I have some good news and some bad news.
The good news is that I get to use vintage hankies in some of my hanky rag quilts. The bad news is using vintage hankies in some of my hanky quilts. I experienced the bad news first hand this weekend when finishing a lovely lavender vintage hanky quilt.
I always check the hankies for weak areas or holes and I don't use those since I know they won't stand up to the washings but in this quilt I thought I had chosen the right hankies. It wasn't until I took it from the dryer that I saw the tears.
I wasn't sure what to do. Could I simply hand sew the tears with thread? No, that would have made it look bad and and it still would be weak all around the mend.
I thought maybe I could remove the whole square but once you wash the quilt it is VERY hard to take a square out and then put it back in. It looks terrible. The nice way the fluff looks after being washed and dried will be affected if you take a square out and try to put it back in. I may have tried it if the square was on the edge but this square was surrounded by other hankies so that wasn't an option.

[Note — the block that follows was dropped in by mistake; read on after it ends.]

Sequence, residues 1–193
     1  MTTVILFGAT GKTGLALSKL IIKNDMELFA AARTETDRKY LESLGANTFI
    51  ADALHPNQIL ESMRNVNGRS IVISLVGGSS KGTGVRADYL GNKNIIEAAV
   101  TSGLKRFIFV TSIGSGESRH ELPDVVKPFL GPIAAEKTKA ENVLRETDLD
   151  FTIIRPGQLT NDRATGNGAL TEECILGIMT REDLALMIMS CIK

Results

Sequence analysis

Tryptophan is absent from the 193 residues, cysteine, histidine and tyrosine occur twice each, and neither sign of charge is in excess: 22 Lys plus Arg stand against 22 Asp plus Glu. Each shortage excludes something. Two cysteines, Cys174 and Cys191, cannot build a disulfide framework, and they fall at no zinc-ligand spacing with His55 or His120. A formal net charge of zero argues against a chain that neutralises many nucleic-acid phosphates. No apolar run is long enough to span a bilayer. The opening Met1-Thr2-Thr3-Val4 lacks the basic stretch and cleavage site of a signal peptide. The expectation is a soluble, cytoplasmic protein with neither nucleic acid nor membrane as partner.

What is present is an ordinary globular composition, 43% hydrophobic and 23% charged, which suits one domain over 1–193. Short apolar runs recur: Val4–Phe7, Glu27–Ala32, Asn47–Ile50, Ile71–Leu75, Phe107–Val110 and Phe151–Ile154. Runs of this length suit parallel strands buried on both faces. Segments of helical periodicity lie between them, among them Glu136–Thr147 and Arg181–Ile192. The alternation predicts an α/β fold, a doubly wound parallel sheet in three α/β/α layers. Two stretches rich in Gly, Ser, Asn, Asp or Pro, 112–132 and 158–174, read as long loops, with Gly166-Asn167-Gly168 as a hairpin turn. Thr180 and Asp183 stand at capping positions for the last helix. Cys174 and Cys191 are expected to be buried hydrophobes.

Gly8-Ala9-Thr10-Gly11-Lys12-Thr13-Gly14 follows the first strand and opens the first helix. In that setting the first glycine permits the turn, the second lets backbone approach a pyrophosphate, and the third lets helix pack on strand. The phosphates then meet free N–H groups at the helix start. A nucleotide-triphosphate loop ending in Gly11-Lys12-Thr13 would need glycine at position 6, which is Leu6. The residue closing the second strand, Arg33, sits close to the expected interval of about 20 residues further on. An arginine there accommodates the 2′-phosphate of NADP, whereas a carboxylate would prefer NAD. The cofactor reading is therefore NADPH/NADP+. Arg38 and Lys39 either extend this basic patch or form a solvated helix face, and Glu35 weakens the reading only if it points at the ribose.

The only thing left to do was to remove the hanky and put a new one in it's place. Luckily this hanky had a lace edge so removing it wasn't that hard. I had to remove all the stitches in the X first and then cut the lace. I was lucky that I had a few extra hankies to choose from for the replacement. The one I chose was much larger than the square so I had cut it and make a new size.
I never cut hankies! I always leave them the original size. When snipping the seams on vintage hanky quilts, I try to cut as minimally as possible, if at all, into the hanky. This was hard for me to cut up a beautiful hanky but that's what I did. I cut two of the sides of the hanky then sewed a very small hem edge. Then I hand sewed the hanky in place with a blind stitch. The end result turned out well enough for me to be happy.
Here is the hanky quilt after I fixed the torn square. Can you tell which square I fixed?